Confessional songwriting works like a window: the songwriter looks out of the window and takes their inspiration from the world outside, all the while watching their own reflection on the shiny glass. The audience looks in through the window at the songwriter, and again, they see themselves over-layed in the glass. This dual-vision has ensured the writing styles popularity for years. People look to the confessional songwriter as somebody who can articulate their own pain and joy while singing about something personal to the artist. It’s a sort of language which is both universal and completely private, and it’s a very difficult thing to get right.
As much as we are social beings, humans are most interested in themselves. We are in our very nature selfish, and that is what drives our interest in music that seems to reflect our feelings and beliefs. Ever listened to a songs lyrics and thought that it was meant for you? I’m pretty sure there are thousands of people out there who think the same thing. That’s the beauty of good confessional songwriting, when it is done right, it is delivered straight into your heart.
“Now I know a disease that these doctors can’t treat/you contract on the day you accept all you see/is a mirror and a mirror is all it can be/a reflection of something we’re missing.” Bright Eyes, ‘A Scale, A Mirror And Those Indifferent Clocks’
My enjoyment of music, although now more developed, was once solely based on this idea of a personal/universal connection. As a young person struggling with mental illness and a cruel world, I found solace in the words of songwriters who seemed to understand just how I felt. Most of these artists are still held close to my heart now, and in a way, they helped teach me how to talk more openly about my feelings.
The albums that speak to me most of this level aren’t recent, with a few rare exceptions. Last year, when audience-botherer Mark Kozelek released ‘Benji’ under the name Sun Kil Moon, it shot to the top of mine, and many other’s favourite albums list, and has since been cemented as a classic of confessional songwriting. Confessional may not be the most appropriate word for the albums lyrics, it’s more of a journal of a year in the life of Kozelek, but it works perfectly as a prime example of the window/mirror idea. Even when the lyrics don’t talk about emotions directly, the listener is still left with overwhelming feelings of grief, fear and hope for overcoming the banality of everyday life. It was a masterstroke, and it left critics floored. It’s hard to explain just how connective the album is, and finding an example of it is almost impossible. Listening to Benji is an experience, a journey that you go on with Mark, and it’s very rare that an album feels that way in our modern age.
Death is a running theme throughout Benji, and it seems fitting that the first song on it’s follow-up, Universal Themes, is about death too. It’s not about the death of family members, friends, neighbours or a serial killer — it’s about the death of a possum. As an animal lover, I am in no way implying that the death of a rodent isn’t sad, but upon listening, it’s not as immediately gripping as Benji opener ‘Carissa’. Before the new album was released, the SKM fan community had decided that it would probably be a long, convuluted and ‘difficult’ record, in order to counteract the runaway success of the last album. After I listened to Universal Themes for the first time, it was hard not to say that they were right. After all, a great way to ward off casual listeners is to make an album at polar opposites to the most popular one of your career.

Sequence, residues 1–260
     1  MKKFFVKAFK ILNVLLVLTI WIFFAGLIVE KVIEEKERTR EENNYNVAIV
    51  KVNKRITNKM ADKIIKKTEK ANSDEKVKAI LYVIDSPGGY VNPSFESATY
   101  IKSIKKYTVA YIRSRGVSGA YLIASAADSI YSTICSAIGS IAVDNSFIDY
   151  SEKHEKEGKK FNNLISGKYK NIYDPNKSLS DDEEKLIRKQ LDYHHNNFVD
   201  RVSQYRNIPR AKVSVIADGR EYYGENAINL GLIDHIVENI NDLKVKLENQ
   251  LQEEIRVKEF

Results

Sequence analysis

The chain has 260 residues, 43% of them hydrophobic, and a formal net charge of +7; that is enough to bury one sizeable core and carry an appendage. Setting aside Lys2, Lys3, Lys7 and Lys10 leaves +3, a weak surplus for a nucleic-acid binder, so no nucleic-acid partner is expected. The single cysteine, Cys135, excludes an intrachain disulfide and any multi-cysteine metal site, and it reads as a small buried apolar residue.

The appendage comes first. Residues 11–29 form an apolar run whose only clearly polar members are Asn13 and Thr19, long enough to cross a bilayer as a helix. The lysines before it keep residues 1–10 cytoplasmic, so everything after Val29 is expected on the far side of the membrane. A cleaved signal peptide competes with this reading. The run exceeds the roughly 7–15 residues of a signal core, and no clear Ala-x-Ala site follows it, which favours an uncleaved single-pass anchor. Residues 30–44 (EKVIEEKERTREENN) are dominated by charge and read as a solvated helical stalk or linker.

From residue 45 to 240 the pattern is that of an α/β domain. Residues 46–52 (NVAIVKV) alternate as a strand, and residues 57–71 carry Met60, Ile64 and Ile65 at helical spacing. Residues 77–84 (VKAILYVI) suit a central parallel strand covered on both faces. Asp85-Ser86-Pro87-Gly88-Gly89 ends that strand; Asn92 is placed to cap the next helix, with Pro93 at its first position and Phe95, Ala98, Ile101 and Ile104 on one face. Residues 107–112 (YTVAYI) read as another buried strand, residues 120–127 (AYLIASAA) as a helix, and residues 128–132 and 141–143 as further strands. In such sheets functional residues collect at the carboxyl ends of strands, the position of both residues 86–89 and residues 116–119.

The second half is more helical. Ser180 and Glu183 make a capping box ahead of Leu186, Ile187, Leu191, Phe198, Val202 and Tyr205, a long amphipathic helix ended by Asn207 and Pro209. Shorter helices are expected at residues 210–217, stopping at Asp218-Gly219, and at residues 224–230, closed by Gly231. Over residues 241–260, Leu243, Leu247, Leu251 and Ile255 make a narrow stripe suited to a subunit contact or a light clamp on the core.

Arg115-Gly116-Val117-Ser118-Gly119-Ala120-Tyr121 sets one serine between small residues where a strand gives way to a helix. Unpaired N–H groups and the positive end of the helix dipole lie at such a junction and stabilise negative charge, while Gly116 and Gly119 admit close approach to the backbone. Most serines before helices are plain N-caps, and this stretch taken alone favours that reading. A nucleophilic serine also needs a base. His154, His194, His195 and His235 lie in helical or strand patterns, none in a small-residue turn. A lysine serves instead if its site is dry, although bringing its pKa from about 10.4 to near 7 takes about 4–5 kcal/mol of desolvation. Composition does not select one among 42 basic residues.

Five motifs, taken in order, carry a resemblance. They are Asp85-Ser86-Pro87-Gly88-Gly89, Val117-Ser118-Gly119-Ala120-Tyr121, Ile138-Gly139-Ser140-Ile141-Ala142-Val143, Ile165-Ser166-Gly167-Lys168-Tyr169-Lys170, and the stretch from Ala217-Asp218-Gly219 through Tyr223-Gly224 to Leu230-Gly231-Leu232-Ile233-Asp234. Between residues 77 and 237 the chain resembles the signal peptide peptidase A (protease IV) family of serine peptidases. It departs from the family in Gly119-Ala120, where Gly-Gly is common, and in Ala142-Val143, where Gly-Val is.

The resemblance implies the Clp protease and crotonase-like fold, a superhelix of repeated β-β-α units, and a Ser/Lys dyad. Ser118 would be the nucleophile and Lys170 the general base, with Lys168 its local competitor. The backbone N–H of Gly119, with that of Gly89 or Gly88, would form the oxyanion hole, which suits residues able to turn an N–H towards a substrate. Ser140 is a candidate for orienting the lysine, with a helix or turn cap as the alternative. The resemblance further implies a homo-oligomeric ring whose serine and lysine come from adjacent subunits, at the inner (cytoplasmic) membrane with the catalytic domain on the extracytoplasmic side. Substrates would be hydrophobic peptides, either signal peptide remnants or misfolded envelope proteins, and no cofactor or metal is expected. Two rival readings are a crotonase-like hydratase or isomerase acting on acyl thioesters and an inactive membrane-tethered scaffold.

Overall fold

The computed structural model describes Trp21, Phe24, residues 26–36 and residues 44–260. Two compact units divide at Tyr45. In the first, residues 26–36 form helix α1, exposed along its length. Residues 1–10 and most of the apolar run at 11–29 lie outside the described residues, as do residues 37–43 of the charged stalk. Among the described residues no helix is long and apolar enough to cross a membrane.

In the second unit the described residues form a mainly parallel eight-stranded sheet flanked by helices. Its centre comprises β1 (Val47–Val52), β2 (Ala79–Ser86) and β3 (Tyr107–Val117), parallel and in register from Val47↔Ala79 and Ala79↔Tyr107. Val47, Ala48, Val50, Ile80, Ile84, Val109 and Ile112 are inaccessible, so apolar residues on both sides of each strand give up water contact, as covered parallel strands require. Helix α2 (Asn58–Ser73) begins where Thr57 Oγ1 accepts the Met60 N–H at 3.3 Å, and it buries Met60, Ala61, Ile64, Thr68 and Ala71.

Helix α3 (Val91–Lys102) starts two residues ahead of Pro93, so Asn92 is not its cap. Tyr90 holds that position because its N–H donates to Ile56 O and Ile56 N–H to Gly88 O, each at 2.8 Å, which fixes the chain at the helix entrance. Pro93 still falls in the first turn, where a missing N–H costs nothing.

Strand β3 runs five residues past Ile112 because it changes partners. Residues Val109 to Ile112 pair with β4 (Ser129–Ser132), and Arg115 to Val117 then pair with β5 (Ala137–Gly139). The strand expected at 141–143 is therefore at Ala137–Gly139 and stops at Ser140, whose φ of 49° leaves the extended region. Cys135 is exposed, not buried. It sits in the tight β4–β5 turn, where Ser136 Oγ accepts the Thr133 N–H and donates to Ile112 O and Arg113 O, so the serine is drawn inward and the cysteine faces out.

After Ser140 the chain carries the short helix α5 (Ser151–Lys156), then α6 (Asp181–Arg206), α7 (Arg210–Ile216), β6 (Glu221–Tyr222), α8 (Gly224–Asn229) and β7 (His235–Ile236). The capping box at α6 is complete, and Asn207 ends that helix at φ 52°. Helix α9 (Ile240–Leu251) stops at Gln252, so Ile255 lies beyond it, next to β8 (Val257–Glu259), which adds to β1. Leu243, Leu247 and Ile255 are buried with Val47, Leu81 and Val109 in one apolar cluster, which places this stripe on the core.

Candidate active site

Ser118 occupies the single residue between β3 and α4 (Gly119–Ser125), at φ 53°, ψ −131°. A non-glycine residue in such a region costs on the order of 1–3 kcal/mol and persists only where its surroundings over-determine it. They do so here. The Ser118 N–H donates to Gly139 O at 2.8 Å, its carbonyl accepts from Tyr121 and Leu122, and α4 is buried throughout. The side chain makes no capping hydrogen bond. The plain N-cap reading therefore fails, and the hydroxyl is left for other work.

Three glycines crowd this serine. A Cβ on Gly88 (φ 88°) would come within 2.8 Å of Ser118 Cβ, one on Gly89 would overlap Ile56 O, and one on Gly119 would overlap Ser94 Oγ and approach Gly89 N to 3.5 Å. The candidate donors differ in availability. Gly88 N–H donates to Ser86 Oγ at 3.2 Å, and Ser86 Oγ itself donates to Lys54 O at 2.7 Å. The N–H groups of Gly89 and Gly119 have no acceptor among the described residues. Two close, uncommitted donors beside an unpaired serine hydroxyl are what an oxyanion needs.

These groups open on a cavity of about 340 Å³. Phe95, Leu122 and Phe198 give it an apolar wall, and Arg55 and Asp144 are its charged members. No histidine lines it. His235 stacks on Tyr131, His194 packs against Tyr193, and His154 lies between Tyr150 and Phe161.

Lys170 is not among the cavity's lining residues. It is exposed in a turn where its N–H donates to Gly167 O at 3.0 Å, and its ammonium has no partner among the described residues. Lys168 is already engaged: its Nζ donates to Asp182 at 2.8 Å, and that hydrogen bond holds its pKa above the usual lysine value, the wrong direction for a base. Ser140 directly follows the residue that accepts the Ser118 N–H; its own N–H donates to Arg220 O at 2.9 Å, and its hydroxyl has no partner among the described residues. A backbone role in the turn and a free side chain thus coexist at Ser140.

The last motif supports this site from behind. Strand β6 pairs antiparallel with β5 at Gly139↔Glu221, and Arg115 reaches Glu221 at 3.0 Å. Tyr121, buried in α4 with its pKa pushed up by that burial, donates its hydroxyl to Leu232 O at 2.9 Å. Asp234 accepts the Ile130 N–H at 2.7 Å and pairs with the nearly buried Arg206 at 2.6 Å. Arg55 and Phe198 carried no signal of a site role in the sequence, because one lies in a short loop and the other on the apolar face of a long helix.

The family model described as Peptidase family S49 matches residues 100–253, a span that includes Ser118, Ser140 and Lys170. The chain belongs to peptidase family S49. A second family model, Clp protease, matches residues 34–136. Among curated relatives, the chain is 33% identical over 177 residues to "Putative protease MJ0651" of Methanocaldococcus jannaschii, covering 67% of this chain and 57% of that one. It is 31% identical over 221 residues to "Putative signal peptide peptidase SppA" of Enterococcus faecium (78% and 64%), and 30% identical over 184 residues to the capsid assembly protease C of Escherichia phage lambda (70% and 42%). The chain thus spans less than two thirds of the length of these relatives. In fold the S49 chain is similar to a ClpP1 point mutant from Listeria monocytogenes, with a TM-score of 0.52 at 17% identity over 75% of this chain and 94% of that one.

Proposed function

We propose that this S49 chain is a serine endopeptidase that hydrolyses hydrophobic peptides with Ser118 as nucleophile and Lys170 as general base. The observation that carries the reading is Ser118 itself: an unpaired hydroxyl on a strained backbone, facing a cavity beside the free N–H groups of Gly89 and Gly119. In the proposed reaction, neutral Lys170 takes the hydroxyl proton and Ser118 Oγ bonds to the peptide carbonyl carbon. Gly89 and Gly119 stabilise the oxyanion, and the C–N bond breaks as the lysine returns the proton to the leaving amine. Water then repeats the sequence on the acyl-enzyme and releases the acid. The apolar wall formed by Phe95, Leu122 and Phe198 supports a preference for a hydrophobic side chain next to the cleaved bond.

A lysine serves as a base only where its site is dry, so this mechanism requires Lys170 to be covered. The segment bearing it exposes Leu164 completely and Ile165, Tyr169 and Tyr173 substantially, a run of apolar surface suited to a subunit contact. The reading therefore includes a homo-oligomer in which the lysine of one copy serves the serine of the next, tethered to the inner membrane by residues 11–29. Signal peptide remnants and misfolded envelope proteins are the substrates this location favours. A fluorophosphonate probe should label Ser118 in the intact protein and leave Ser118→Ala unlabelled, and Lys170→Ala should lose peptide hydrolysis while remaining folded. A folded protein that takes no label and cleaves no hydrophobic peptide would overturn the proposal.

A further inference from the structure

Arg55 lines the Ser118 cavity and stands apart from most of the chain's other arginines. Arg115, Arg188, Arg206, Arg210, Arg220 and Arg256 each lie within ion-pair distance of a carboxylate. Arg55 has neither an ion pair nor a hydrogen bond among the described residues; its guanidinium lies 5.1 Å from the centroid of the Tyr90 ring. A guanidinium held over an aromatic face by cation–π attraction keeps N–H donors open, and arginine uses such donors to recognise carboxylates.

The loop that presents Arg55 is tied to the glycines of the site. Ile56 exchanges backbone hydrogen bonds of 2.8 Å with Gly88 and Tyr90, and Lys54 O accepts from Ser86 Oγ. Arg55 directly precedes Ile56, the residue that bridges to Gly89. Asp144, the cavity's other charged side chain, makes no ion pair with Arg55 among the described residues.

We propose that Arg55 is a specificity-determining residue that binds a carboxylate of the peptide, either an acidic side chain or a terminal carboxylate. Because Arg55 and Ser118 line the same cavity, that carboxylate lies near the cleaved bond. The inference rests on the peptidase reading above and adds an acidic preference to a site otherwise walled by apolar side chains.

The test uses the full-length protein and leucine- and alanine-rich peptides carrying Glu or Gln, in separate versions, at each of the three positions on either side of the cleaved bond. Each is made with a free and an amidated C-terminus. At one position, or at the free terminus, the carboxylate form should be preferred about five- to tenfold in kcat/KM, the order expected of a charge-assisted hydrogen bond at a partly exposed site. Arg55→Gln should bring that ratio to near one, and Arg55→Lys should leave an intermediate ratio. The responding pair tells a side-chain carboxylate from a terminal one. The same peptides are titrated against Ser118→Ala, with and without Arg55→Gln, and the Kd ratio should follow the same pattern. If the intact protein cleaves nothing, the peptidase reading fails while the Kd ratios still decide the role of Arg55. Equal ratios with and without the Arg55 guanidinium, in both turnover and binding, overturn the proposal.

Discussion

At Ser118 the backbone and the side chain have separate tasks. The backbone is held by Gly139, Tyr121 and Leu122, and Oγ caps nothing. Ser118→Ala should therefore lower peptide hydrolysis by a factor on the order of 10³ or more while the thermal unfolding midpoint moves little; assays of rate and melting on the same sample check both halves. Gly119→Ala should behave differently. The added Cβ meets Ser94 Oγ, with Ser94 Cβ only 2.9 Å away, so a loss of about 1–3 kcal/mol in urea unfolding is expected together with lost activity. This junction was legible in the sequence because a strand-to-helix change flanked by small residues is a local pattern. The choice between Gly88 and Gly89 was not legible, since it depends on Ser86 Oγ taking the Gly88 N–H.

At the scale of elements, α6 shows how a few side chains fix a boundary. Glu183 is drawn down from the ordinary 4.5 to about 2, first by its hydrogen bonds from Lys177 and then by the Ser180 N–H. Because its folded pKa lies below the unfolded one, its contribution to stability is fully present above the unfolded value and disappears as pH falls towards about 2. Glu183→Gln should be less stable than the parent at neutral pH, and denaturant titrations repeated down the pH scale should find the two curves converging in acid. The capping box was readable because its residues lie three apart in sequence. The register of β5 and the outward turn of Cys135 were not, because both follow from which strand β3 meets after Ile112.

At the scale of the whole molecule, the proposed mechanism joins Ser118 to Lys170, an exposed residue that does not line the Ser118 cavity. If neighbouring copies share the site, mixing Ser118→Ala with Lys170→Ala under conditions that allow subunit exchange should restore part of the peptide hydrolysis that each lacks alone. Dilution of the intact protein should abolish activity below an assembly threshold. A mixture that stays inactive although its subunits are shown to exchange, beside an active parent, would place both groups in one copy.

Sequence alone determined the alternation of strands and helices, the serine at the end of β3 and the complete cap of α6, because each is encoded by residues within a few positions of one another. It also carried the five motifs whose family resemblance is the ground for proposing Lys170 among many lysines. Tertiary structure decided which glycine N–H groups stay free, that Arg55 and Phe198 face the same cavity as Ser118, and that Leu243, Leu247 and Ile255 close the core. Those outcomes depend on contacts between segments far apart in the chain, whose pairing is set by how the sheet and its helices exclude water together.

“But I’m a songwriter, I write songs in my car until the day I die/I write songs that make people laugh, cry, happy/and songs that make grown man shit their pants like little fucking babies” Sun Kil Moon, “Ali/Spinks 2”
Sonically, the album is very different, that’s undeniable. Steve Shelley’s influence has turned the band into Sun-ic Youth. It’s messy, claustrophobic, loud and long…very long. Kozelek has never been a songwriter to rest on his laurels and stick to what he knows, so it’s no surprise that Universal Themes takes such a different approach.
The lyrics aren’t as easy to comprehend, or to relate to, and the truly philosophical comments seem few and far between. In places, the album seems to act as a satire of Benji: the title ‘Universal Themes’, could be interpreted as a play on the popularity of the last album, and how listeners seemed to connect so greatly to it’s themes of loss, grief and family. The album seems reactionary, which is understandable considering that it would have been written during the touring, and critic aftermath, of Benji.
It’s difficult to write about Mark Kozelek’s music in a objective manner, and that’s not just due to the personal nature of his lyrics. A few very well documented ‘incidents’ have occurred since Benji’s meteoric rise into the public atmosphere. Now, I’ve talked before about the need to separate art from artist, so I try hard not to let Mark’s public persona cloud my judgement of his work, but it’s a hard thing to do.
When you are a ‘confessional songwriter’, you are using yourself, and your emotions, to make connections to the audience around you. It seems like Mark has made it his mission to make a mess of the window that looks in on him. Maybe it would be more appropriate for Sun Kil Moon’s window to replaced with a two-way mirror, so Mark can look out at only himself, and not see the horrified faces of his dedicated audience.